I hesitate to attempt to mention the numerous crosses he writes about in his letters and the various colors of the flowers and foliage. He never let me forget for an instant that of all the hybridizers Lem had the finest. His domain extended beyond the Seattle city limits. He had the finest in all the world because he had such "fine stuffs" to work with. He writes: There are people who says that I think my rhododendrons are so much better than others doing hybridizing. Yes, they are right, absolutely right. Because I have the good things to work with and because I started crossing ahead of everybody, so I know where best results can be expected - both in flower and leaves. With 50,000 rhods growing from 2-3000 different crosses you are bound to learn something. That you are a 'fool' or a 'brainhead' has nothing to do with it - it is just plain experience what counts most!
        'Anna' seemed to be his favorite plant for hybridizing, but some of us have had problems using it, regardless of whether it was the seed plant or the pollen plant. He told me that when 'Anna' was the seed plant, I should withhold applying the pollen until the flowers were fading and past their prime. This worked for me most of the time.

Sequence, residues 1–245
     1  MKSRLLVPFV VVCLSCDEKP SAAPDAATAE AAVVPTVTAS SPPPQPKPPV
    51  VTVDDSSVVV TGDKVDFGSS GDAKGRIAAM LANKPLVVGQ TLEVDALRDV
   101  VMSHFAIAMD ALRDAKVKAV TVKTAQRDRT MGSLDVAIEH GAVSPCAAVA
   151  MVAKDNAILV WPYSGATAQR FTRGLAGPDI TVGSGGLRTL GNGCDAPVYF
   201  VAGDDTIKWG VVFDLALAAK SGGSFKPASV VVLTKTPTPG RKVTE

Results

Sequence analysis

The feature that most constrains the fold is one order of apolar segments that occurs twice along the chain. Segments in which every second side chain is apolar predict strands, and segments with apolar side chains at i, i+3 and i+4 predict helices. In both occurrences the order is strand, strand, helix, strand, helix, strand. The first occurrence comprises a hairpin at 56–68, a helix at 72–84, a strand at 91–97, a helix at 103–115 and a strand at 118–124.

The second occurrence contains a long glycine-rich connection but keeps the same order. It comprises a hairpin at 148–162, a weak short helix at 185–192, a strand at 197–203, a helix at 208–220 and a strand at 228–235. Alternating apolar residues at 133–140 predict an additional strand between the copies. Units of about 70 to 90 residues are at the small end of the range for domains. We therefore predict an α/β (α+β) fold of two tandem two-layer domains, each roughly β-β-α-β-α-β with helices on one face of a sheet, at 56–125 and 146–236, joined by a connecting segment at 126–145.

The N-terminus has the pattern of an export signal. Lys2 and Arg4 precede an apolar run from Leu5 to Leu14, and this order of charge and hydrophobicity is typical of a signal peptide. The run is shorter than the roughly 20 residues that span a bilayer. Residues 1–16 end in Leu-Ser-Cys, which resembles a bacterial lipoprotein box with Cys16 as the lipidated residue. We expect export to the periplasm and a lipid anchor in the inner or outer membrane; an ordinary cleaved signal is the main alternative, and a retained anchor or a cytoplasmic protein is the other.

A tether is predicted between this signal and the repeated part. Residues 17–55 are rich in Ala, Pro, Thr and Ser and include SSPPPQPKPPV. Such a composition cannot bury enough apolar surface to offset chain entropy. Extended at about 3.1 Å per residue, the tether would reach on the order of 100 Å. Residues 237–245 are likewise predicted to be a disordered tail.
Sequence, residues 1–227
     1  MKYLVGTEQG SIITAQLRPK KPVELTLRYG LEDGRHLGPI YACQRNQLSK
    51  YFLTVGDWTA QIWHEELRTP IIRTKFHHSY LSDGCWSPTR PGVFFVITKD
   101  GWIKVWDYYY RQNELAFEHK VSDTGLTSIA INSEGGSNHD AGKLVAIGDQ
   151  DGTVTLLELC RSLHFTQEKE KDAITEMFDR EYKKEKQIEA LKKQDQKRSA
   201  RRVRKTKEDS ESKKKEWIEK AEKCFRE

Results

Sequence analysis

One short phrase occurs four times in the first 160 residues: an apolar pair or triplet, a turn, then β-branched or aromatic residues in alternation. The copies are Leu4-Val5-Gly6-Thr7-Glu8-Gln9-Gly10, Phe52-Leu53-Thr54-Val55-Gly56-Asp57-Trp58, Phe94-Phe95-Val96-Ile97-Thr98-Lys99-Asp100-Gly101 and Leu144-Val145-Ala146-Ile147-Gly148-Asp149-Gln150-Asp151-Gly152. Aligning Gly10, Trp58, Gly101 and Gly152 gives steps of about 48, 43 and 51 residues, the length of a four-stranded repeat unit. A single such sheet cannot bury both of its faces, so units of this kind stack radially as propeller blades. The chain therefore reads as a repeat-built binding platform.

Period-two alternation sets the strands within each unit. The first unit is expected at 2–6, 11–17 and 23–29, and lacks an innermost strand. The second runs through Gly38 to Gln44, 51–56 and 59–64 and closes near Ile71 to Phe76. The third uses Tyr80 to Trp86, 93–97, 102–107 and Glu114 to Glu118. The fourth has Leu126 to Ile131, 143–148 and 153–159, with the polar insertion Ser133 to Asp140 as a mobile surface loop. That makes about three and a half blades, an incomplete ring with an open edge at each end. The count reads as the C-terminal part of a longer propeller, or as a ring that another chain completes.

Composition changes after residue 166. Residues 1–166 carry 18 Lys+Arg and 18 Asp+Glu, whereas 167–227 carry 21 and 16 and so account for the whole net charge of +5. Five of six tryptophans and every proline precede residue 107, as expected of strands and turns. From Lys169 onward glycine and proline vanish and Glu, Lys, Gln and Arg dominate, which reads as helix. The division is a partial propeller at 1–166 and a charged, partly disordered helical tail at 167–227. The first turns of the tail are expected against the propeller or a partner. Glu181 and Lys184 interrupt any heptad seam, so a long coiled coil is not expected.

To get pollen from 'Anna' was something else. He suggested that I cover the flower with a plastic bag to see if that would work. It didn't. He got pollen from a plant he kept in the greenhouse. He stated, "I can swear to it pollen was running from the flowers an inch long. There were pollens enough to cross thousands of rhododendrons and I know absolutely for sure it was from 'Anna' #1." Mr. Lem used names for his plants that sometimes were quite different. Potato Peeler was an example. When a customer who worked in the kitchen of an eating establishment asked him the price of one of his large plants, Mr. Lem quoted him the price. The customer said that he would take it, but he would have to peel a lot of potatoes to pay for it. Thus, a name was born. However, this was an exception and none of the other names were quite this drastic. When Mr. Lem asked me for some suggested names, I responded with some that were a little more far out than Potato Peeler. He condemned some of them as being the worst known to mankind and he never made the mistake of asking me to suggest names after that. With reference to names, he wrote, "No, I don't like to have 'Lem's' ahead of the name. I have already 'Lem's Coal' and then I had to change 'Cameo' because there was an azalea by that name before."